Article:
I wanted to hate that guy. I would have loved to hate that guy. How do you just bump into a doctor’s consultation room unannounced?
You know, it is unethical, it is a lack of courtesy. But the guy looked like someone whose ignorance on etiquette could have filled a library.
I later realised that he was called Casper from one of those lakeside counties.
Had Casper arrived a minute or so earlier, he would have found us examining the breast of a fairly young woman who had reported a lump in the right breast and was very worried. Luckily for her, we had finished the examination and she was dressing up.
Casper waited patiently outside until we finished with the young woman. Then he sauntered in without even waiting for his name to be called out.
Did we throw courtesy to the jackals? Fortunately, Casper was next in line. He was a well-built man, about six feet tall, dark in complexion.
I don’t want to comment on whether he was handsome or not, I just want to tell his story which involved breaking a certain commandment. But one thing I was sure of was that Casper was not sick, did not look sick, had not been sick lately.
Casper’s medical card was marked ‘Very Urgent,' so we decided to deal with the urgency it deserved.
I was to have my clinical exams very shortly, so the doctor asked me to take the history of the patient, in this case, Casper, and present it coherently so that I could build my confidence.
“So, what brings you to the hospital today?” I asked Casper by way of getting down to the matter that was marked ‘Very Urgent.' "Daktari, you know people like us, we are old men, Mmmhhh!” said Casper.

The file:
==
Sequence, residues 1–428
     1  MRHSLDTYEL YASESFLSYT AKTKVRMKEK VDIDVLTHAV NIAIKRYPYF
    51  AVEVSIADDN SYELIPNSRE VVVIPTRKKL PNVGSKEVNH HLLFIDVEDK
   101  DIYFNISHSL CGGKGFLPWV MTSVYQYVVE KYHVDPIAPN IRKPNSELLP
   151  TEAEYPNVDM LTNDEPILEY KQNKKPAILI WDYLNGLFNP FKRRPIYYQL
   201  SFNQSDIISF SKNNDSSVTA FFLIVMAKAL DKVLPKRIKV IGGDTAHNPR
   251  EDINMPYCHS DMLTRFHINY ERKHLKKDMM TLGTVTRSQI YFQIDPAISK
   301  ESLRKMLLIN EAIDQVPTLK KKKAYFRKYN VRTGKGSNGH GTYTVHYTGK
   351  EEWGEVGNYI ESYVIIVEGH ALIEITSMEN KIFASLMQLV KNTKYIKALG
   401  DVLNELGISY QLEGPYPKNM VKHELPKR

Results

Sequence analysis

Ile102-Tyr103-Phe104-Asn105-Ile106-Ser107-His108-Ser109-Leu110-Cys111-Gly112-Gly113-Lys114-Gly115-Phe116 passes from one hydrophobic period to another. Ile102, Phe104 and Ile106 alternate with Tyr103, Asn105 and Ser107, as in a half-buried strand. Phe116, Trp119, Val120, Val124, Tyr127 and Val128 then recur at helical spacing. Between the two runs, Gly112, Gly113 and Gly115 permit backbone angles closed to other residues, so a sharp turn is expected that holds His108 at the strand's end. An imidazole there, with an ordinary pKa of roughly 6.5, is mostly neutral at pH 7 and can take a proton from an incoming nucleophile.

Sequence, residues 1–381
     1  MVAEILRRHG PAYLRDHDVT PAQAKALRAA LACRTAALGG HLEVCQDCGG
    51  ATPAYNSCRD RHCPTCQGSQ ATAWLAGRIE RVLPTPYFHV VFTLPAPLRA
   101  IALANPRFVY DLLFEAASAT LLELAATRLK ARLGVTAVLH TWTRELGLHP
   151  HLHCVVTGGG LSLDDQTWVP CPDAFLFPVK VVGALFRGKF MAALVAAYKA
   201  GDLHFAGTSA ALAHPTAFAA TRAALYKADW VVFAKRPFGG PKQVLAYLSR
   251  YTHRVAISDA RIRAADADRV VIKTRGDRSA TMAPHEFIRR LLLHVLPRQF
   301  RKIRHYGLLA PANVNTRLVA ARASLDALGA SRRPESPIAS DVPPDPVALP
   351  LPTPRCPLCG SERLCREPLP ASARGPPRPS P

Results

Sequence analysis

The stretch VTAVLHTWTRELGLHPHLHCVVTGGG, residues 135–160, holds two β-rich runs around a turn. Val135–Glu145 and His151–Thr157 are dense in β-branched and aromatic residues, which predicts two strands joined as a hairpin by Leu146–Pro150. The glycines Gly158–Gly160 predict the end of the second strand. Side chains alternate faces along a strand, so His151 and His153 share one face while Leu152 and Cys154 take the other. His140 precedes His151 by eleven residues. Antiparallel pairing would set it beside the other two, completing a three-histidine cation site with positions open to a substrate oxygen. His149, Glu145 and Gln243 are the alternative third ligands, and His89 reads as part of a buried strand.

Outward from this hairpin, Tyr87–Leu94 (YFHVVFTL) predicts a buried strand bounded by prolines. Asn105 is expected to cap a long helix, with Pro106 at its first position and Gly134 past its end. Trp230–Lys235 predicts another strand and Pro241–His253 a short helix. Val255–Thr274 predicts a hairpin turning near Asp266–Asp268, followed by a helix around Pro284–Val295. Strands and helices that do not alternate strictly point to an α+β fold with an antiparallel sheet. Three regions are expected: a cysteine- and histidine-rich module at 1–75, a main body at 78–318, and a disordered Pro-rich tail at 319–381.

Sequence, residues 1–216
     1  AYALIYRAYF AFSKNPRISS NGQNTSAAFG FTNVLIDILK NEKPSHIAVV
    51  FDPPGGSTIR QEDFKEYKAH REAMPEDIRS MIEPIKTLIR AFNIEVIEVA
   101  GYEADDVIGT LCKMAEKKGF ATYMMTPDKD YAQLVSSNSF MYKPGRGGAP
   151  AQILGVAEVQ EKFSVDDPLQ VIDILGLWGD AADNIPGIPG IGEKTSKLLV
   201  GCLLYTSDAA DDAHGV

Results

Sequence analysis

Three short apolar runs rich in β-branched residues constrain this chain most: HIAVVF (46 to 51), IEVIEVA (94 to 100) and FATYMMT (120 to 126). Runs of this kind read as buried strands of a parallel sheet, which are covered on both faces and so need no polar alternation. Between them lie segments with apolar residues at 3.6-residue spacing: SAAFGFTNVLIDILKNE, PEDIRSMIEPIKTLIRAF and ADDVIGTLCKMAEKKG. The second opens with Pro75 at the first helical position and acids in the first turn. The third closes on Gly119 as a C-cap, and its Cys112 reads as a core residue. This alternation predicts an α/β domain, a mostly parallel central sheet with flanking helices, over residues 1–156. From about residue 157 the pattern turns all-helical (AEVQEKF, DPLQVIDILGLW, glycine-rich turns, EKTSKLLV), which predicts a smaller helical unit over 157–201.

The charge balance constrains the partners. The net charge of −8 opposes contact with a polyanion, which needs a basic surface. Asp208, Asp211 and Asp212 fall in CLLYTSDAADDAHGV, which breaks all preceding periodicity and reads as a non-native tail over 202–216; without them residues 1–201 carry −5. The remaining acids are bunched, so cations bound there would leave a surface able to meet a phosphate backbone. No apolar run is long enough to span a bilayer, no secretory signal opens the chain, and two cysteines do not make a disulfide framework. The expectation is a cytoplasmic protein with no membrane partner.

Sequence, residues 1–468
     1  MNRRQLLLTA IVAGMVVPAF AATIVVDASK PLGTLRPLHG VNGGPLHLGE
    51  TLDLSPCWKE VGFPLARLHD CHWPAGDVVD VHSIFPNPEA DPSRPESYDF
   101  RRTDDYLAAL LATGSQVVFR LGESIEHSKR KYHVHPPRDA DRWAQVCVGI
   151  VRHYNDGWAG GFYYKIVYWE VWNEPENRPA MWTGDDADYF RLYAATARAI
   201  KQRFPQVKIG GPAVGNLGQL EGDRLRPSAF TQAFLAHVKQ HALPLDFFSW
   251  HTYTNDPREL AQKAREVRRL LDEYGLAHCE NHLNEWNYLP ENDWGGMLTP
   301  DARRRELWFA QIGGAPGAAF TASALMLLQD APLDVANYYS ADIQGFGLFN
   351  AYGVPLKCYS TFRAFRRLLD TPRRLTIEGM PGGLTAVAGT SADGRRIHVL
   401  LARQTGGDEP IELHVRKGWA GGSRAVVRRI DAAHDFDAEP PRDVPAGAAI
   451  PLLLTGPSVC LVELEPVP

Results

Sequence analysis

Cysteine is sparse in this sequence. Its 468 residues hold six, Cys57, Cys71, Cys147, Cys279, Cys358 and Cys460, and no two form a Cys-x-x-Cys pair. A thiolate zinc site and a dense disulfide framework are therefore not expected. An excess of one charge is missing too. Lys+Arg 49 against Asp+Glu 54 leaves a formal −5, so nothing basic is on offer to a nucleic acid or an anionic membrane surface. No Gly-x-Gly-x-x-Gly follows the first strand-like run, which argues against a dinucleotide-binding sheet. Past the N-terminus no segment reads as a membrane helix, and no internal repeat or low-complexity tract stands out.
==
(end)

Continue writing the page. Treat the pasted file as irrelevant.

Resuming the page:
“Tell me! what brings you to the hospital?” I interjected sensing that Casper was trying to veer off the subject and reason for having a ‘Very Urgent’ medical condition.
Casper was not as old as he was trying to insinuate. He was in his mid-40s, very energetic, someone who appeared like those people who are full of life and are the life of a party.
Casper leaned forward like the one about to whisper an earth-shaking medical secret. I too leaned forward. After reassuring him I was all ears, Casper felt safe enough to go straight to the matter marked ‘Very Urgent’ on his medical card.
“Daktari, mine is a case of burst condom, I have come for post-exposure prophylaxis,” he said. “Please give me a prescription.”
I admired Casper’s honesty. He looked embarrassed, miserable and so sinful after saying those words.
I wanted to remind him that no sin is beyond redemption, but time was not on our side, we had so many patients on our list that day.
The doctor in charge was so pissed off with the whole idea of a burst condom being marked ‘Very Urgent.'
He was even more pissed off that Casper had gone to the Accident and Emergency unit where attendants marked his case in red colour code meaning it was a very urgent, a matter of life and death.
Casper must have charmed the nurse at the triage. The doctor had no choice but to do the prescription which he did quickly for that matter, just to have the man leave as quickly as he had come.
“Next time go to the outpatient for a similar problem,” said the doctor to Casper who was then saying so many things in such quick succession that it sounded like he was singing.
I have never heard that many thank you from a man since Casper’s ‘very urgent' case.
-Dr Oliver Kiaye is a medical doctor in Machakos County and loves literature